Making our vaccines more accessible
Supporting greater access to vaccines is at the heart of our business. With the exception of clean drinking water, no intervention has rivalled vaccination in its ability to save lives.
We are determined to use our resources, knowledge and expertise to help improve access to immunisation – moving towards a world where everyone is protected against disease by having access to life-saving vaccines.
Our business also needs to be sustainable, because this enables us to produce and reliably supply effective, high-quality vaccines as well as support the development of new vaccines.
This is why we have developed a business model that allows broad access to our vaccines, while maintaining our investment in research and development. This model, which we started using in the early 1990s, is called ‘tiered pricing’.
This asks countries, at each step along their development journey, to pay a fair price. In other words, this is a price that they can afford, and which reflects their particular circumstances.
The model is designed to support those countries which commit to vaccination for the long term and implement programmes aimed at reaching large proportions of the target population.
Tiered pricing reflects the fundamental value of immunisation as an investment in health. It also reflects our desire to enable countries to maintain and expand upon their commitment to immunisation as their economies grow.
For the least well-off countries, we also work closely with Gavi, the Vaccines Alliance and UNICEF to improve access to vaccines. These organisations are able to purchase large volumes of vaccines for the world’s poorest children at our lowest prices.
Our approach has helped to broaden access.
Of the 800 million doses of vaccines we distributed in 2014, more than 80% went to developing countries.
Research and development
Our commitment to developing countries extends throughout our organisation. We’re investing in vaccines for diseases such as malaria, TB (Tuberculosis) and dengue fever.
We’re also working with our partners on improving ‘thermostability’, which could extend the range of temperatures at which vaccines can be stored. Such increased flexibility would bring real advantages to immunisation programmes operating in remote, low-resource settings.
Present and future
Today, we have commitments in place to provide Gavi with more than 850 million doses of our vaccines against pneumococcal disease, rotavirus and HPV at reduced prices to help protect 300 million children and young women in the developing world by 2024.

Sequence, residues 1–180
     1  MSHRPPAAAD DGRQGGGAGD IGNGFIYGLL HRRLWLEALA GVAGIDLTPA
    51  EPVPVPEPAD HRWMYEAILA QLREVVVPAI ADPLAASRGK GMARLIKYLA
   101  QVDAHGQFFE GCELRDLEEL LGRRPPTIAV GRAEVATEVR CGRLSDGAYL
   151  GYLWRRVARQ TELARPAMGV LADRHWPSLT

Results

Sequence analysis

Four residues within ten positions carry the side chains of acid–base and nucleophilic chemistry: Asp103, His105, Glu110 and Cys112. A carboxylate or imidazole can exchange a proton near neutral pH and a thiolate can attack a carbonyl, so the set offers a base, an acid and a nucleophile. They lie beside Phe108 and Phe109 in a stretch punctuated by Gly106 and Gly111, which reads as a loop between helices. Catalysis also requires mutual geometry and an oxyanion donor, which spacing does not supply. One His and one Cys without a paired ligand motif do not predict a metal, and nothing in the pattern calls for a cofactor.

By the end of 2014 we had provided over 16 billion doses of oral polio vaccine to the global eradication effort, and over the next five years we have committed to meet around a third of UNICEF’s polio vaccine requirements.
It is through these types of commitments that we can see progress in access to vaccines. For example, Pakistan has introduced the world’s largest pneumococcal mass vaccination programme. It is expected to help protect 4.8 million children each year from pneumococcal disease, the leading cause of pneumonia.
The way forward in achieving better access to vaccines lies in partnership. Industry has a contribution to make - but we certainly don’t have all the answers. The more we come together as a global community – industry, NGOs, academia, governments - the more likely we are to find innovative solutions to the challenges we face.
You may also like
Fighting malaria in the lab and on the ground
Despite progress to fight malaria, millions of people continue to suffer every year. The biggest contribution we can make is through our science – researching medicines and vaccines to tackle malaria.
TB: uniting scientists to tackle one of the world’s biggest killers
Tuberculosis (TB) is one of the top ten causes of deaths worldwide. We have taken a major step towards finding a potential new vaccine against the disease.